RV Roof Maintenance & Repair Tips
No matter what type of roof you have, it’s going to need regular maintenance. Most RV manufacturers suggest preventative maintenance once every three months. To make the routine easy, stock up on common repair supplies such as:
- Sealant & primer
- Caulking gun
- Seam roller
- Roof patches
- Roof cleaner
These are also handy to keep with you on the road, just in case you need to make a quick repair. Make sure that the supplies you purchase are designed for your specific roof material.
RV roofs, especially rubber ones, should be cleaned several times a year. Cleaning is essential for maintaining the roof’s appearance as well as its longevity. Never use cleaners that are made with petroleum solvents, abrasives, or citrus ingredients as these can weaken the strength and bonds of the materials.
Scrub the roof with a medium bristle brush (or with what the manufacturer recommends) to get stuck on grime, sap, and mildew off. Be sure to rinse the whole RV thoroughly. What comes off the roof will roll down the sides of your RV, and failure to rinse can result in streaking and discoloration.
While you’re cleaning, do a thorough inspection of all seams and sealants. Even the smallest opening can cause significant damages. Repair any rips, tears, or holes immediately. Take special care to look over the skylights, AC unit, vents, ladder, and roof rack, as these are all areas prone to accumulating dirt, mold, and cracks. If areas need repair, follow the instructions on the supplies that you purchase.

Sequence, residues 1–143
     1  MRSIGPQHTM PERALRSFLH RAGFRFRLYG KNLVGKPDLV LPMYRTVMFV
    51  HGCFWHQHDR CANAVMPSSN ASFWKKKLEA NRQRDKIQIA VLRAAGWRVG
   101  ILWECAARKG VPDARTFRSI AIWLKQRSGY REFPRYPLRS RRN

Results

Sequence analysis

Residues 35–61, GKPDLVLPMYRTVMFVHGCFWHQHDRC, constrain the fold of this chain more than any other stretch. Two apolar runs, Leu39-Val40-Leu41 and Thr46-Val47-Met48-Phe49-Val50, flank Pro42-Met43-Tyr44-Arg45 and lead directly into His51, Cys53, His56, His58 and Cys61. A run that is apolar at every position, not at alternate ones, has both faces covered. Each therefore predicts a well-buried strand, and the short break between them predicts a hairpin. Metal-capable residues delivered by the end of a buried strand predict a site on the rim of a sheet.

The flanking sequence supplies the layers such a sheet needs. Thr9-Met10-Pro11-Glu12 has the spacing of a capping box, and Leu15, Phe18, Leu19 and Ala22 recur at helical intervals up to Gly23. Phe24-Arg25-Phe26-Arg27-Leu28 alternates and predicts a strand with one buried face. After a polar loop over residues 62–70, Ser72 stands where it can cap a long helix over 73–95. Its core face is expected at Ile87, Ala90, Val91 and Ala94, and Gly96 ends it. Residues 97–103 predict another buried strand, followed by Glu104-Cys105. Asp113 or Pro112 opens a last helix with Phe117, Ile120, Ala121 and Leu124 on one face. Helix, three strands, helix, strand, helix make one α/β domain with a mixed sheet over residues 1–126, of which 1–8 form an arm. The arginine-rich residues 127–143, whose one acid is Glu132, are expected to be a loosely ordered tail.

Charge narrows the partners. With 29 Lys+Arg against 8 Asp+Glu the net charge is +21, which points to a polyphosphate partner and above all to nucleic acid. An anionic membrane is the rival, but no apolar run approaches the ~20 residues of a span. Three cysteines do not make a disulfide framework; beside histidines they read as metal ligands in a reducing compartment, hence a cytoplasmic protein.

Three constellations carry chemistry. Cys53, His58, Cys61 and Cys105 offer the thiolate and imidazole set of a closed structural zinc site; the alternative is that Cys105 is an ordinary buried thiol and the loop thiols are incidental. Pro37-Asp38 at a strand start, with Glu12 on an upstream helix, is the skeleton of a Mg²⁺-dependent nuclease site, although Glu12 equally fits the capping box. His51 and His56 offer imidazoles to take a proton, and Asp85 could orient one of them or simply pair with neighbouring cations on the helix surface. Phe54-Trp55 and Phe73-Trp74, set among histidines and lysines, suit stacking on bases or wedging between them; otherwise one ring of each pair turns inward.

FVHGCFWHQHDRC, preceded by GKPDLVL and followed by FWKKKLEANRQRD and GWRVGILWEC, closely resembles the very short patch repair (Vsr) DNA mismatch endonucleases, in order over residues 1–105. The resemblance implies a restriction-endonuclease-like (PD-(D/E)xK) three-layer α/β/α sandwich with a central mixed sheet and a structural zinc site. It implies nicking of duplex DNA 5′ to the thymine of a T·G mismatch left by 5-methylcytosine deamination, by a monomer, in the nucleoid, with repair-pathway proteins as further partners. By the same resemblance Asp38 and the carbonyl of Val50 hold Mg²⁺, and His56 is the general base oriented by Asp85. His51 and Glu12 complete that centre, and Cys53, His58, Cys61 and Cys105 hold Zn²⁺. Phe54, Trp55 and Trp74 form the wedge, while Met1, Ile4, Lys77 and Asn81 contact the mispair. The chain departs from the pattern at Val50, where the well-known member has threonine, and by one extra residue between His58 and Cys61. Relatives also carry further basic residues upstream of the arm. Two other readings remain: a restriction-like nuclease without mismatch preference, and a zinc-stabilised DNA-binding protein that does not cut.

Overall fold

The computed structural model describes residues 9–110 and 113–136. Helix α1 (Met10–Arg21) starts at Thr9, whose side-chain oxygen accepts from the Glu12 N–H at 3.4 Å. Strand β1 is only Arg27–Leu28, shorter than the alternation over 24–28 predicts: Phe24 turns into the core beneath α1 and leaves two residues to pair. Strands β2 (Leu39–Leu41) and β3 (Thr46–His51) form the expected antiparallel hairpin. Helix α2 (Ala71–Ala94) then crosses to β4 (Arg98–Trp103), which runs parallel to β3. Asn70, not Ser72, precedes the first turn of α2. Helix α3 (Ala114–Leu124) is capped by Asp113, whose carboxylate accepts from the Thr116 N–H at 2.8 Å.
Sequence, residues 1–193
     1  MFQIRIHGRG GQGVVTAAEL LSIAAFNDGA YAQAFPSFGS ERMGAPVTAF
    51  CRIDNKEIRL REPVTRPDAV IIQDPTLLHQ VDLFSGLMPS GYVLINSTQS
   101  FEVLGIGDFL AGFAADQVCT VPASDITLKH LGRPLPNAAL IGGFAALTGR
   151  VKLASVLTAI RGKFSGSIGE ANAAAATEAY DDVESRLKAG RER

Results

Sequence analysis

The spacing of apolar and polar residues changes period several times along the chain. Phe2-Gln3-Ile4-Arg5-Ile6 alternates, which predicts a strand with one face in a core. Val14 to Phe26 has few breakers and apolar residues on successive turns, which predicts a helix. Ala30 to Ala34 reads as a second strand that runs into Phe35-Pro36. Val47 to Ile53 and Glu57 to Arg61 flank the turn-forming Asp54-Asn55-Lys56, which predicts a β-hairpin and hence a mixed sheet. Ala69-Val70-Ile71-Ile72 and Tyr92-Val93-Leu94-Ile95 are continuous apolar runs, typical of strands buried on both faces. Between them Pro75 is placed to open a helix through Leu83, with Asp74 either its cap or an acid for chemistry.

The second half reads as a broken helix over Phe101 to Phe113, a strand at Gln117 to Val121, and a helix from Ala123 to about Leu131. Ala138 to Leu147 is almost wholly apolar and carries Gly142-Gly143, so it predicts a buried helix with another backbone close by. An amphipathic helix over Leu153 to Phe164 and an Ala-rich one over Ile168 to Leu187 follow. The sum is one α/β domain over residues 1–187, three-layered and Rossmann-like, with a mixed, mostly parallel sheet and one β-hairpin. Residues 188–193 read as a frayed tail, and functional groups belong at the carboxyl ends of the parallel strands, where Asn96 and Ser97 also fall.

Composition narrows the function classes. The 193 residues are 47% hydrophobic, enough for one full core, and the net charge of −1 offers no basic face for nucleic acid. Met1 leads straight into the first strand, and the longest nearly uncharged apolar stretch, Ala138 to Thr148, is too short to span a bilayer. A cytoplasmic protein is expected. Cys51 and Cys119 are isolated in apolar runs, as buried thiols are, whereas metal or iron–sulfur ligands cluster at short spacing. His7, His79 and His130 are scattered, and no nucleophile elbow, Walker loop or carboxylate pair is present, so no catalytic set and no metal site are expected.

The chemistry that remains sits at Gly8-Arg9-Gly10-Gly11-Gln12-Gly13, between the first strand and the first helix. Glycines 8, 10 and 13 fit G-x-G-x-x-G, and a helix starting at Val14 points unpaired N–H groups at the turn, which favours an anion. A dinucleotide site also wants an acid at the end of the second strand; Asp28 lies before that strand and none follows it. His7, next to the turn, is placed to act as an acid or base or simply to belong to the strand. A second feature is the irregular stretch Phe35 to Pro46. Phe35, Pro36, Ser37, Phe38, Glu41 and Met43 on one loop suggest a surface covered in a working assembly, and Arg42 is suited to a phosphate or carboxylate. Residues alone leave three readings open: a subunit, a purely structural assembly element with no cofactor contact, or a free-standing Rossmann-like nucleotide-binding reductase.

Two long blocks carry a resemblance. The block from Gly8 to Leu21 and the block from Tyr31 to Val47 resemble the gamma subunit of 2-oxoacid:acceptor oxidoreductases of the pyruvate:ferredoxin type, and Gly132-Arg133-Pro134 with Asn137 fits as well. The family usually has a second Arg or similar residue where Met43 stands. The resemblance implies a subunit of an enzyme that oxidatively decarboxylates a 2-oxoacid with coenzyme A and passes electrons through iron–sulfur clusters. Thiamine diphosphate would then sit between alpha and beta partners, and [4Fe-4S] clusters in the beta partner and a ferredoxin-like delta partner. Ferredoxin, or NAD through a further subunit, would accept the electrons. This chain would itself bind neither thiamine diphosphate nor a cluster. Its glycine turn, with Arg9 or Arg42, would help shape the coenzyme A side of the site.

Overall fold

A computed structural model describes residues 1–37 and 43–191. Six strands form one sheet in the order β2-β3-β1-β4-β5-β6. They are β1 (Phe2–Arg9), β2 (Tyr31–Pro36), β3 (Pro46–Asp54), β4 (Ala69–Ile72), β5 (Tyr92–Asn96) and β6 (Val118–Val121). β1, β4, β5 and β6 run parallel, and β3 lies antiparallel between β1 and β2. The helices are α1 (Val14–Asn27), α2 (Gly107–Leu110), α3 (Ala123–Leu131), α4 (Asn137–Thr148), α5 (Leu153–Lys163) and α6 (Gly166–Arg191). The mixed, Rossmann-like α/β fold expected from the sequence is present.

And of course, you’ll always want to use extreme caution when doing anything on a roof. Be careful of slick surfaces and watch where you are stepping.
Resealing & Recoating
Even if there aren’t any major issues visible, it can never hurt to apply some fresh sealant. Some RV experts also recommend resealing and recoating your RV roof as frequently as once a year. Again, you’ll want to be sure to buy products that are specifically designed for your roof material.
RV Roof Damage Prevention
In addition to regular maintenance, there is one thing that every RV owner can do to prevent damage while in storage: keep it out of the elements and out of the sun.
The sun, rain, and hail can be brutal on any rig that is left sitting. Prevent water and sun damage by storing your rig in an RV storage facility or investing in a roof cover that separates the roof from the elements. If you use a cover, make sure that it’s one designed for RVs. Other types of tarps may reduce airflow, resulting in moisture, mold, and mildew.
Hit the Road
You can keep your roof in tiptop shape by merely following these relatively easy maintenance and damage prevention procedures. Don’t let a surprise roof leak ruin your RV road trip. Take the time to care for it before issues arise, and you’ll be sure your rig is always ready to hit the road.